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Ottawa (/ˈɒtəwə/ (About this soundlisten), /ˈɒtəwɑː/; French pronunciation: ​[ɔtawa]) is the capital city of Canada. It stands on the south bank of the Ottawa River in the eastern portion of southern Ontario. Ottawa borders Gatineau, Quebec; the two form the core of the Ottawa–Gatineau census metropolitan area (CMA) and the National Capital Region (NCR). As of 2016, Ottawa had a city population of 934,243 and a metropolitan population of 1,323,783 making it the fourth-largest city and the fifth-largest CMA in Canada. In June 2019, the City of Ottawa estimated it had surpassed a population of 1 million.

Founded in 1826 as Bytown, and incorporated as Ottawa in 1855, the city has evolved into the political centre of Canada. Its original boundaries were expanded through numerous annexations and were ultimately replaced by a new city incorporation and amalgamation in 2001 which significantly increased its land area. The city name "Ottawa" was chosen in reference to the Ottawa River, the name of which is derived from the Algonquin Odawa, meaning "to trade".

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Timber raft parliament buildings 1882.jpg
The Ottawa River timber trade, was the nineteenth century production of wood products by Canada on areas of the Ottawa River destined for British and American markets. It was the major industry of the historical colonies of Upper Canada and Lower Canada and it created an entrepreneur known as a lumber baron. The trade in squared timber and later sawed lumber led to population growth and prosperity to communities in the Ottawa Valley, especially the city of Ottawa, the capital of Canada. The product was chiefly red and white pine. The industry lasted until around 1900 as both markets and supplies decreased. Entrepreneurs in the United States at that time then began to build their operations near the Ottawa River, creating some of the world's largest sawmills at the time. These men, known as lumber barons, with names such as John Rudolphus Booth and Henry Franklin Bronson created mills which contributed to the prosperity and growth of Ottawa. The sawed lumber industry benefited from transportation improvements, first the Rideau Canal linking Ottawa with Kingston, Ontario on Lake Ontario, and much later railways that began to be created between Canadian cities.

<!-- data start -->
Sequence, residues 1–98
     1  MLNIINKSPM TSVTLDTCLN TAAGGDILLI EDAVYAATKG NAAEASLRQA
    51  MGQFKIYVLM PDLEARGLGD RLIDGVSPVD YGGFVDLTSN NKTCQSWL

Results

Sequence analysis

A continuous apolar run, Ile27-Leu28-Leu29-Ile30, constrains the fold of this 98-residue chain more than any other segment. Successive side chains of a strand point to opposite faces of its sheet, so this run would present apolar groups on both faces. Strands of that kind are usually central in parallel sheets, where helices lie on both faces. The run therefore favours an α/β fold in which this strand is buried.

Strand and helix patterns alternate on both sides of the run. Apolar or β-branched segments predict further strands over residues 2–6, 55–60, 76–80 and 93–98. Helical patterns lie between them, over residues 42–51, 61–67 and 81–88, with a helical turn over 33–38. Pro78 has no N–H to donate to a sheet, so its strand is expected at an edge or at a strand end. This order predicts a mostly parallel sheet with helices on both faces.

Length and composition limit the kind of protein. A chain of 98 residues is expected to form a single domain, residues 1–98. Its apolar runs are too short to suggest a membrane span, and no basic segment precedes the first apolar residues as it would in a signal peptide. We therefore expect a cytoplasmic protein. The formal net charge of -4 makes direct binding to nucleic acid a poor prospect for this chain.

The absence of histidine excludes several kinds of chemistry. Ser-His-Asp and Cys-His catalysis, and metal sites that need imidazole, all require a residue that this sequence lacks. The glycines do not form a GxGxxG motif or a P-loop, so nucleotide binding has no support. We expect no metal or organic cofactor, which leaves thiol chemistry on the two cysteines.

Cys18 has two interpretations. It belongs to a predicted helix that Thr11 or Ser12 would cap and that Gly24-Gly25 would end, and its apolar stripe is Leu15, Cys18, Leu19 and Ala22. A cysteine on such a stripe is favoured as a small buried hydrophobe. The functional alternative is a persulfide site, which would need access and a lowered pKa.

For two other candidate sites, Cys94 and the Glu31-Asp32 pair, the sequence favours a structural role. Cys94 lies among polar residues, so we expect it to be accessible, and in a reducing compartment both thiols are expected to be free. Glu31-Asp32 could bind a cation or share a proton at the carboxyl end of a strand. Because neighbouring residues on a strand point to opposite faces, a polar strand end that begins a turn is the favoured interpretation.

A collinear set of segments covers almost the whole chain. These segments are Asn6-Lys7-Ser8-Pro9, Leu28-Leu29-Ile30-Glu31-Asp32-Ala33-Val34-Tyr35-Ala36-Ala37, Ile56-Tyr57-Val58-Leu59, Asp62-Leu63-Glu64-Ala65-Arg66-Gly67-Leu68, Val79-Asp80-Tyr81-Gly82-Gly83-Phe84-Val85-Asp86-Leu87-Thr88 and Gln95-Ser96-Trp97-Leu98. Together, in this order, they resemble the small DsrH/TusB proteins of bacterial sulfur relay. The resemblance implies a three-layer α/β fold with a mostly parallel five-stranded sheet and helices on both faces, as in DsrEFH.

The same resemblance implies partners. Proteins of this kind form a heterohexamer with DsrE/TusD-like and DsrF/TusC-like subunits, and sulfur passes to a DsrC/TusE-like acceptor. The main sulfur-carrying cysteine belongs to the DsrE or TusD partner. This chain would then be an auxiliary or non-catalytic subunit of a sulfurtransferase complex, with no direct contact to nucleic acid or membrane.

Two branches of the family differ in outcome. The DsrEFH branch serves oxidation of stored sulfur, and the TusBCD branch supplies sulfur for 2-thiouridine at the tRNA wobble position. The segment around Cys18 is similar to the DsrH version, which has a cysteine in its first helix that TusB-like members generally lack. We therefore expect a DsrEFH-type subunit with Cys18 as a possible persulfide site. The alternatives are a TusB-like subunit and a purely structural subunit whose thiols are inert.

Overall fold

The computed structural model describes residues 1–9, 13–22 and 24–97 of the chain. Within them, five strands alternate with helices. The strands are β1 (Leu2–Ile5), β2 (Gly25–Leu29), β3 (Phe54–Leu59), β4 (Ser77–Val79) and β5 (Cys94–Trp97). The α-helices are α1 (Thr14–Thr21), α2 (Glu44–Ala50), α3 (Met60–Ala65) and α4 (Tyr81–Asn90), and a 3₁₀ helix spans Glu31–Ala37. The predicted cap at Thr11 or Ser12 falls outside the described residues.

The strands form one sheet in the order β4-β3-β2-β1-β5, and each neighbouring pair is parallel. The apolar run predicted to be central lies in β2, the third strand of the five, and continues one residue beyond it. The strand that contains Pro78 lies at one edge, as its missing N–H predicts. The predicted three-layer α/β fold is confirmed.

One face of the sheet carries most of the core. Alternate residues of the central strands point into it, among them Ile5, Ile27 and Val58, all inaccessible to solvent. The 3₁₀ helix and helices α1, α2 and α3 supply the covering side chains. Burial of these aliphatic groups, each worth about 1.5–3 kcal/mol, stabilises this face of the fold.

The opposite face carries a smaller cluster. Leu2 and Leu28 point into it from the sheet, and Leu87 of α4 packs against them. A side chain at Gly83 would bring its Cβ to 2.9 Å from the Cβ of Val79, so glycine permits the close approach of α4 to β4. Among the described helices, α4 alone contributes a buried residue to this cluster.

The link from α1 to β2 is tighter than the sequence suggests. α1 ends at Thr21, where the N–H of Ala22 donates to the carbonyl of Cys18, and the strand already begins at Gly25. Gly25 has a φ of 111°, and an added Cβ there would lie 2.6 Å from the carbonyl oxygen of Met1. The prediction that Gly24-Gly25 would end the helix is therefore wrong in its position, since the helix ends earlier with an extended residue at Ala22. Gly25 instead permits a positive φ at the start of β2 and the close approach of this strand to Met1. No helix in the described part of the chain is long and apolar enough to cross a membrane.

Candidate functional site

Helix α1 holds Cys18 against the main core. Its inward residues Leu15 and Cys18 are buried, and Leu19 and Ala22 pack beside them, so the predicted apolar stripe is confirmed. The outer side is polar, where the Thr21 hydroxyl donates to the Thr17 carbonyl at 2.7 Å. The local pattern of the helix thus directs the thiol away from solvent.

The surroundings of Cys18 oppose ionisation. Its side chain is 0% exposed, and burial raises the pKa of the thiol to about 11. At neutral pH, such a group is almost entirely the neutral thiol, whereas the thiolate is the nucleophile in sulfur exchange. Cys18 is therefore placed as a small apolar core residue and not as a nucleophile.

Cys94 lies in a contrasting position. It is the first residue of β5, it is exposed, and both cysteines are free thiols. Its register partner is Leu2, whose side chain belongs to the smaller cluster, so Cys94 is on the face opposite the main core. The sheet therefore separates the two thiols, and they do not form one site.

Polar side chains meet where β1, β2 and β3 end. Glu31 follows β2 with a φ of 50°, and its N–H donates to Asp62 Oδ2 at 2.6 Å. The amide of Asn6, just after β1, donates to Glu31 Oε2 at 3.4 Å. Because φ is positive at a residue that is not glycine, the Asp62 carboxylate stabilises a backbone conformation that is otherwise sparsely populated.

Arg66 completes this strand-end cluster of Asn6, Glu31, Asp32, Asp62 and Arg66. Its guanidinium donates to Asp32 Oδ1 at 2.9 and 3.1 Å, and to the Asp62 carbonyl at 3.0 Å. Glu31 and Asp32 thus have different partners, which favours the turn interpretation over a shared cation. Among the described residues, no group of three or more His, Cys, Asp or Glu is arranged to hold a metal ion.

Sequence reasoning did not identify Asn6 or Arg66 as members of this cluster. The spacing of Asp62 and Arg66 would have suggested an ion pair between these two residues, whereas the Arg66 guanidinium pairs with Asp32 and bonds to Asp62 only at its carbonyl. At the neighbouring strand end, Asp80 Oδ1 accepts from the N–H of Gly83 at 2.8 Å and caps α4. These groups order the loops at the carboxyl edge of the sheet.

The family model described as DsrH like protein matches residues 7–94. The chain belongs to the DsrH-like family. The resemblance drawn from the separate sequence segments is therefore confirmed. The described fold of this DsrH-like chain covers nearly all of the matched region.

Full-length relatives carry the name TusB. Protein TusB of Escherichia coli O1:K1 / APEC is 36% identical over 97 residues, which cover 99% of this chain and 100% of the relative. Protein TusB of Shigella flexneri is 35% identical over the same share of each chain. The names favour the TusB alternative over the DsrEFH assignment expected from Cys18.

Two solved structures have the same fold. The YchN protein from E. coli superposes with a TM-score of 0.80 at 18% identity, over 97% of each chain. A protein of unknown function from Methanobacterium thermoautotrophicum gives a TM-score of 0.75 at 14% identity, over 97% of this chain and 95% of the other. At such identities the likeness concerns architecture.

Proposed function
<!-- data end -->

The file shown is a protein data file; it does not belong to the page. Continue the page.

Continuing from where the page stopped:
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Steve MacLean.jpg
Steven Glenwood MacLean (born December 14, 1954) is a Canadian astronaut. He is the current President of the Canadian Space Agency, appointed on September 2, 2008. He was born in Ottawa, Ontario and is married to Nadine Wielgopolski of Hull, Quebec.

Maclean attended Merivale High School in Nepean. He received a Bachelor of Science degree in physics in 1977 and a doctorate in physics in 1983 from York University in Toronto, Ontario. In 1977, he received the President’s Award at York University (Murray G. Ross Award). He is a recipient of a Natural Sciences and Engineering Research Council post graduate scholarship in 1980. In December 1983, MacLean was one of six astronauts selected by the National Research Council of Canada.

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  • ...that Forbes Magazine recently rated Ottawa the 4th cleanest city out of 300 cities worldwide?

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Ottawa river overlooking Parliament hill to the left and the Canadian Museum of Civilization to the right.

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